sp00u1le3 - PROJECT OCEANOGRAPHY SPRING 2000 23 CORAL REEFS...

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Unformatted text preview: PROJECT OCEANOGRAPHY SPRING 2000 23 CORAL REEFS Unit 1 Lesson 3: Corals, Forams, and Reef Health Lesson Objectives: Students will understand the plight of coral reefs, and the diseases and factors responsible for their decline. Vocabulary: coral bleaching, zooxanthellae, ozone, carbon dioxide, coralline, foraminifera, symbiotic Source and co-author: Dr. Pamela Hallock Muller, University of South Florida Corals and Forams Coral reefs are in trouble worldwide. According to a 1998 study by the World Resources Institute, 60% of the world’s coral reefs are threatened. Threats to coral reefs can be classified as local, regional and global. Forams are small organisms that live on the coral reef. They are subject to bleaching and may die if the environment is not favorable. Ultraviolet radiation, carbon dioxide and other factors affect them. Local Threats Local threats include runoff of sediments and nutrients from land, overfishing and destructive fishing, dredging and careless boat operation, including grounding of large ships on coral reefs. Many “local” threats are so widespread, they are actually regional or even global in extent. For example, the World Resources Institute report concluded that there are virtually no reefs in the entire world, with the exception of some protected areas on Australia’s Great Barrier Reef, that are not overfished. Pipe Coral PROJECT OCEANOGRAPHY SPRING 2000 24 CORAL REEFS Regional Threats Regional threats include new diseases that sweep through populations of organisms living on the reefs. For example, in 1983, an unknown disease, possibly a virus , is believed to have come through the Panama Canal from the Pacific Ocean. This disease killed most of the spiny sea urchin population, first in Panama then throughout the Caribbean and to the Western Atlantic reefs of the Florida Keys and Bahamas. More than 99% of the spiny sea urchins were killed. The virus seems to still be present, because spiny sea urchins are now uncommon on Caribbean reefs. The consequence of the die-off of the spiny sea urchin has been unlimited growth of algae on coral reefs. The spiny sea urchin population fed on the algae populations found on the coral reefs. For example, in the early 1980’s, coral covered more than 60% of the reefs in Jamaica. Now, coral covers less than 10% of the reef. Algae are taking over the reefs everywhere. Another disease swept through the coral reefs of the Caribbean and western Atlantic in the 1980’s – white-band disease . This disease, which looks like a white band of death as it attacks a coral colony, wiped out most of the branching coral ( Acropora palmata and Acropora cervicornis ) throughout the Caribbean....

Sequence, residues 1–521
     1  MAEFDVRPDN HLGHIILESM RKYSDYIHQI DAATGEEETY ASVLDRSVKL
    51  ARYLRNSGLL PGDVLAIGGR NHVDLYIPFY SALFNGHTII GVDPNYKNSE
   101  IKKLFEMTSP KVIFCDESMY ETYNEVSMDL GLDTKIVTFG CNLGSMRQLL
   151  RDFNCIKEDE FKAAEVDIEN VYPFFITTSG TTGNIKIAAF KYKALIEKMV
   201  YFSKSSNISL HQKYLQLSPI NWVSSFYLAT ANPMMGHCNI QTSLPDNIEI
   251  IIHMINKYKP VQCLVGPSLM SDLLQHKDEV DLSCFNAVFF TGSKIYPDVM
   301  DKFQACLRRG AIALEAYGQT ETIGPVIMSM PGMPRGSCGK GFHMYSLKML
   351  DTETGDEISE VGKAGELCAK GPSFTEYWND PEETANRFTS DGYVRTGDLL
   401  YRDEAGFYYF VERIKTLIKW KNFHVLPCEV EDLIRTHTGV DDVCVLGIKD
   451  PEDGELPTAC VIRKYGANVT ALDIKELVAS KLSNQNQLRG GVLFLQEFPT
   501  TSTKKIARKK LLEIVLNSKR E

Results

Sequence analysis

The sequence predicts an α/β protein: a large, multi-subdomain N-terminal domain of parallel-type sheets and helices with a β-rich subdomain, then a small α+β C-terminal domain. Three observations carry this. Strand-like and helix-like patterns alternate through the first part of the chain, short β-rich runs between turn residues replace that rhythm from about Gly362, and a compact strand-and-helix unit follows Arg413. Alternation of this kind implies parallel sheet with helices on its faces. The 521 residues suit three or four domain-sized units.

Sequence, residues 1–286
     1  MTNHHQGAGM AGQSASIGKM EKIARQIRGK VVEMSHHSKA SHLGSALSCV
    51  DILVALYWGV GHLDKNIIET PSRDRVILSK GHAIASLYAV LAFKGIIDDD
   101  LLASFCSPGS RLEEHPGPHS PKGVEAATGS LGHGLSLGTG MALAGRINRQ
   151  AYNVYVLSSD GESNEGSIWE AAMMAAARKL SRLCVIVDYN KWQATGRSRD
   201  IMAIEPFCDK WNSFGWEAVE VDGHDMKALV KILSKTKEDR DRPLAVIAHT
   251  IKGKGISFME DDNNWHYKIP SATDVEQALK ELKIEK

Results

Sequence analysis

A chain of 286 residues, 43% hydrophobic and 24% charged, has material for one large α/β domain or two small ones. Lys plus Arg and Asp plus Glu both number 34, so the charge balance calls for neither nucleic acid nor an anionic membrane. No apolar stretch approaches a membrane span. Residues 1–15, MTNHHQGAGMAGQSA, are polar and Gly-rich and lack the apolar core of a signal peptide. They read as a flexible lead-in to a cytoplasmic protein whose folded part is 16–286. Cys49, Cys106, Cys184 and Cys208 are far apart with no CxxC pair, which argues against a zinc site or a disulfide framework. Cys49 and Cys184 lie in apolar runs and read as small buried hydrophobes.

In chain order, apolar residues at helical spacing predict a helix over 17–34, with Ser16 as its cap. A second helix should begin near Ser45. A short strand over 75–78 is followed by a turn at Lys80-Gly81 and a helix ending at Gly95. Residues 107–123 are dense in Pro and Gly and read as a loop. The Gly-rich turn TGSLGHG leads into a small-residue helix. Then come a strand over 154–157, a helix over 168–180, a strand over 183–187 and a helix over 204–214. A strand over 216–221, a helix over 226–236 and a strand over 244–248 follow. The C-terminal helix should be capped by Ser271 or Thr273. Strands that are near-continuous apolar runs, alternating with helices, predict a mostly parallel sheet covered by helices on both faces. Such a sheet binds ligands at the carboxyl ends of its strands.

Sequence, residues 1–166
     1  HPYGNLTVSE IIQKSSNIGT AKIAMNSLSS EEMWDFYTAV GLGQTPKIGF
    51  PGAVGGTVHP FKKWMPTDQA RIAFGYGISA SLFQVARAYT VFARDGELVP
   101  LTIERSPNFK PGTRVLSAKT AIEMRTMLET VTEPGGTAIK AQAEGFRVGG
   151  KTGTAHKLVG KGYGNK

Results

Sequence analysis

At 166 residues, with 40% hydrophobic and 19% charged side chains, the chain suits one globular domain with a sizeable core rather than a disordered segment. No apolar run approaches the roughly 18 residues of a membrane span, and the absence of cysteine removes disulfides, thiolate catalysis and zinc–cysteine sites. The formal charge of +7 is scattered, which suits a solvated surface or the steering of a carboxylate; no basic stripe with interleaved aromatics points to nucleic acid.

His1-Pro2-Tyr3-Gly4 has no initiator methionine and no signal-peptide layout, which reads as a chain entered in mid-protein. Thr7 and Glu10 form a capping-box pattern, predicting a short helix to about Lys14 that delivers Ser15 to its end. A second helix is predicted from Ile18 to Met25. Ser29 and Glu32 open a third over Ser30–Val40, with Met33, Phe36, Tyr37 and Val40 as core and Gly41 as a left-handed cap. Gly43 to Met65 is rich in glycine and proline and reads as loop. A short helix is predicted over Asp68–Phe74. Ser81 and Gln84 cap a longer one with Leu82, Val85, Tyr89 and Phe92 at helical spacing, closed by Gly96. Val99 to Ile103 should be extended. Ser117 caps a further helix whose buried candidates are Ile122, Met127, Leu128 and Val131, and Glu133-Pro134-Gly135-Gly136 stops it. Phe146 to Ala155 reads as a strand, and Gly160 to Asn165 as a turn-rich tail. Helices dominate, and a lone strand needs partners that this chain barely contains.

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sp00u1le3 - PROJECT OCEANOGRAPHY SPRING 2000 23 CORAL REEFS...

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